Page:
Ironically we’re now also beginning to see de-Clouding. Cloud vendors understandably imply to their prospects that their offerings are "wonderful, weightless, agile, low cost, mobile and free of the impediments of past computing models."

That vision often enough doesn't line up with the reality. Actual customer experience is driving a material number of customers to de-Clouding or to significantly change—reduce—their Cloud strategies to regain a more solid computing foundation and rational cost. One well-known channel partner executive we talked to recently, believes across his customer base that for every 10 companies pursuing some form of Cloud computing, two or three are looking to reduce their reliance on Cloud.

As for the original equipment manufacturers (OEMs), are their business models under pressure? Most definitely and Software as a Service (SaaS)—not Cloud—is the clearest evidence of the power of selling by the outcome.

Let’s take the case of Adobe, which has transformed as a vendor to nearly 100% SaaS over the past few years. Has the Adobe partner eco-system vaporized as the pundits would suggest? No, in fact, it’s thriving.

Indeed, even the two most praised Cloud players (yes, those guys the pundits say are going to kill the channel) have robust channel partner programs as their primary route to market. For example:

  • SFDC’s program has three partner tiers – Silver, Gold, and Platinum with the likes of Accenture, IBM, PWC, TCS and Cap Gemini executing hundreds of SFDC projects annually. Moreover, SFDC is routinely customized to meet customers’ real requirements by thousands of local players, who look just like…and are…channel partners.
  • AWS also relies on its two partner categories: Consulting partners which include professional services, managed services, and consulting partners; and, Technology partners which include independent software vendors (ISVs), SaaS vendors, and product companies. Indeed their channel is so critical that AWS has invested in over 250 solution architects that are landed in target channel partner accounts for extended periods. Just this one investment in their channel is pushing well north of $50M annually.

More and more, it is clear that the successful path for Cloud vendors is through the channel, not around it.

Lastly, It’s Nonsense Because It Misreads a Mega-Trend

We believe it is true that many partners will sell their companies in the next few years, but largely for reasons unrelated to Cloud or any other technology or go-to-market change. The chart below, showing data from our master Service Leadership Index® database of over 34,000 partners, explains why.

Percent of Current North American Solution Providers Founded Each Year

We will update this chart in February when our Annual SP Industry Profitability Report for 2016 is released, but the story is clear.

As of the end of 2014, some 24% of partner companies were founded more than 25 years ago. Many of these owners will indeed sell in the next few years, as they have long planned, to their kids, to management, to private equity or to other partners.

You will also notice the rate of formation of new partner companies was influenced by IT industry trends until the 2001 recession. Prior to that recession, the rapid expansion of the IT channel was driven by the rapid adoption of the first three or four waves of PC technology; large customers were radically decreasing their reliance on mainframes and minis in favor of PCs and servers; and, small customers were buying PCs and servers for the first time. The channel was effectively recession-proof and growth was related to waves of technology change.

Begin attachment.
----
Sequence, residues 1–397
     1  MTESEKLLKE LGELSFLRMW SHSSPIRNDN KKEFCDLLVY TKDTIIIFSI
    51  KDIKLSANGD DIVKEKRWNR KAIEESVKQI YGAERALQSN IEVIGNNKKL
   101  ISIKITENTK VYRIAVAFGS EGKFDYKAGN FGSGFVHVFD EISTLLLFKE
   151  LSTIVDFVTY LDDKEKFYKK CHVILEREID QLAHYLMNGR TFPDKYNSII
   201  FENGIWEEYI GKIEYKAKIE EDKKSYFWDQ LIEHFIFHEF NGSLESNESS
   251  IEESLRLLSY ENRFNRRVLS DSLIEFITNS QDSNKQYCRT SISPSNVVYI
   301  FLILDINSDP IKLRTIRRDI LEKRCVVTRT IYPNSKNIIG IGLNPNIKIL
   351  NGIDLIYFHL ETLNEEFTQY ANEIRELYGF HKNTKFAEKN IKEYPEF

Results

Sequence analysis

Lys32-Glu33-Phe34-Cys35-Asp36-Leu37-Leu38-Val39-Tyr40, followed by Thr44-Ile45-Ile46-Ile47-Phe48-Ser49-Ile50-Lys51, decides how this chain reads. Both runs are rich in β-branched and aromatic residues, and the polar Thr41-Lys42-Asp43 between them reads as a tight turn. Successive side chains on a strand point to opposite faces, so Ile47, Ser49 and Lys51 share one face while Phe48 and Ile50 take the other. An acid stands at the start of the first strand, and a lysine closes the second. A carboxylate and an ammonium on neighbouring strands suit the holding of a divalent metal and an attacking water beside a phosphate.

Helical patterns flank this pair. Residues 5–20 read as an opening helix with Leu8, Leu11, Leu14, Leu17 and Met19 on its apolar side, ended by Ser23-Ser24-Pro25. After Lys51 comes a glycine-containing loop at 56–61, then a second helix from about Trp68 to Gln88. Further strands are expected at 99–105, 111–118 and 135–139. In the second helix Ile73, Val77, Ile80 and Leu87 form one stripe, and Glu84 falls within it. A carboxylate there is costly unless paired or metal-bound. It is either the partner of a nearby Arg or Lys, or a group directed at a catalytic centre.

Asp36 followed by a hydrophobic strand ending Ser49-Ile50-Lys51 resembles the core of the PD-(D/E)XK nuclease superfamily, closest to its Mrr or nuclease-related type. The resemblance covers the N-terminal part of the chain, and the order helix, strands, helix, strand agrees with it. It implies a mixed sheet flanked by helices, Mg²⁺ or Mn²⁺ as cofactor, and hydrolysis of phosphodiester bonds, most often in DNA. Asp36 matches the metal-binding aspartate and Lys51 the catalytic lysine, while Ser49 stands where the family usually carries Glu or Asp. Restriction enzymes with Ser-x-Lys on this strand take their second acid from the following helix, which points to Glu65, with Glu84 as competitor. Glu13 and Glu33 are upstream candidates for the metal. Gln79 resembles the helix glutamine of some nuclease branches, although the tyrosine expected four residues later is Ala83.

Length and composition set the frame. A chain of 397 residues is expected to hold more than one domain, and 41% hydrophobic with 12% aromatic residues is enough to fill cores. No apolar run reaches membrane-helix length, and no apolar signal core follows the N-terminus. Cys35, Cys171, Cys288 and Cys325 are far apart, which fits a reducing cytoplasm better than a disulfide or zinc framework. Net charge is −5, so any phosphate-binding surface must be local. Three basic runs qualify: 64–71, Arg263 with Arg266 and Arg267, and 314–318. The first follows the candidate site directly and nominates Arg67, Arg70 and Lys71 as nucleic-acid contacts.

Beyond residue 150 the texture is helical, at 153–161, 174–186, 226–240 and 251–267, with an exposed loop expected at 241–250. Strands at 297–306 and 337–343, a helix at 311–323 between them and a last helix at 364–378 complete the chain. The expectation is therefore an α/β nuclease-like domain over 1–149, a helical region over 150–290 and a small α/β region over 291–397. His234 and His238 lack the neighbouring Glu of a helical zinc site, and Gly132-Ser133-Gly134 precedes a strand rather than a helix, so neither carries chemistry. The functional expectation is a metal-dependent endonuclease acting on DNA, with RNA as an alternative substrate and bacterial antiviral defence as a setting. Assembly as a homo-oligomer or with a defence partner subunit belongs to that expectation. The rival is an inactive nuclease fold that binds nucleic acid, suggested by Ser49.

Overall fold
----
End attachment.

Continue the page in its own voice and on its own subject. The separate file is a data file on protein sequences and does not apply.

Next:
The 2001 recession was the first one which impacted the IT channel. IT had become a big enough part of the North America corporate budget, and technology absorption had reached such a high level, that recession-driven cutbacks in capital spending in general for the first time impacted IT spending materially.

Since that tipping point, as you can see, the rate of formation of new partner companies has been driven by the broader economic cycle, not by (positive or negative) IT technology trends (such as Cloud) as they might affect the vendor/channel/customer relationship.

So Gartner and IDC might see lots of partners “going out of business” (i.e., sell or perhaps close) which they will no doubt ascribe to the Cloud (or whatever strikes their fancy at the time), but they will likely never notice that most of these were sold by owners in their 60s and 70s, who had long planned to sell.

To the extent that Gartner, et al, might "spook" such owners out of the business with their "sky is falling" claims, they should be ashamed of encouraging any owner, especially one trying to reap funds for imminent retirement, to sell sooner (and cheaper) than they otherwise might.

Lastly, you will also notice that since 2010, the rate of formation of new partner companies has increased each year. We expect this trend to continue when we analyze our final 2015 data.

You don’t hear much about that from Gartner and IDC, do you?

To learn how you can leverage these and more findings of the Service Leadership Index - the largest scale, longest running and most accurate benchmark of Solution Provider financial performance, operational maturity and value creation, worldwide – contact us to talk about the tools and services available.